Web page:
China has taken “appropriate measures” in dealing with the riots in the Xinjiang Uighur Autonomous Region and the country’s actions are “its exclusive internal affair,” according to a statement from the Cambodian Ministry of Foreign Affairs.
The announcement, posted Saturday on the ministry’s website, was issued to clarify Cambodia’s position and did not come about after any discussions with China or prompting from other nations, ministry spokesman Koy Kuong said.
“[T]he government of China is taking appropriate measures to address the problem and restore social order,” the brief statement read.
Other countries have condemned Beijing’s response to the unrest, which, Mr Kuong said, is their right.
The unrest began July 5 in western China when members of the ethnic Muslim Uighur minority rallied to demand an investigation into a brawl at a toy factory between Han Chinese and Uighurs that resulted in at least two Uighur deaths. The clash has been called some of the worst ethnic violence in China in years.
The Chinese state news agency, Xinhua, quoted Chinese Foreign Ministry spokesman Qin Gang as saying the protest was not a peaceful one but “an evil killing, fire setting and looting.” The news agency reported that 156 people died and more than 1,000 were injured in the riots.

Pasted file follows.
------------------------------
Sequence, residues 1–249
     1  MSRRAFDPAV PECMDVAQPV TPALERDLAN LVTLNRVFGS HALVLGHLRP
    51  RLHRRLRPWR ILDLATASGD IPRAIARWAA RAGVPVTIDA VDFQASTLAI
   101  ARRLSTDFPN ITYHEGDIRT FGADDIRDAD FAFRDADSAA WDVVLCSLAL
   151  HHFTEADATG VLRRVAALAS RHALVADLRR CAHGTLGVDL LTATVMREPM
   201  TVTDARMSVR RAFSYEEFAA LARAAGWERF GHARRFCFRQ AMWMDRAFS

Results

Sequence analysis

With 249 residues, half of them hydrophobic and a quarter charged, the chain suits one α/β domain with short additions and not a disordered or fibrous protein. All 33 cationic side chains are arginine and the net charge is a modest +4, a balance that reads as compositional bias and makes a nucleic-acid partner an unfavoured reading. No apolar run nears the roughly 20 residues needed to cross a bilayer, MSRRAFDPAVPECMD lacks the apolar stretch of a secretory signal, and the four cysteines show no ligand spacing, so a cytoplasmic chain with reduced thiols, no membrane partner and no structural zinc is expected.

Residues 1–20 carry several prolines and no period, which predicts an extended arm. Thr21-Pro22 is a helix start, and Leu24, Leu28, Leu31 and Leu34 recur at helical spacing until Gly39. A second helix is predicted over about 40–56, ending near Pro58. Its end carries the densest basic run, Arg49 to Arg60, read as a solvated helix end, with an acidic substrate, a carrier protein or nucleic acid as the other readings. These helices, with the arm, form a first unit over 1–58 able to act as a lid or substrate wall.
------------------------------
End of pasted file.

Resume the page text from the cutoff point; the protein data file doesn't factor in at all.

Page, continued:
Mr Kuong said the Cambodian government is following the situation in Urumqi, the capital city of the Xinjiang region, through various media outlets. He said on Sunday that he has not received any response from Chinese officials but added the ministry was not expecting any reply.
Second Secretary for the Chinese Embassy Qian Hai said his country “welcomed the statement’ but declined to answer any further questions about the situation in Xinjiang.
The Cambodian government took a similar stance with Burma in September 2007 when pro-democracy demonstrations provoked a military crackdown there. While the US, EU and Canada leveled economic sanctions against the Asean member, the Laotian and Cambodian governments said they would not support sanctions against the military junta and deemed the actions counter-productive.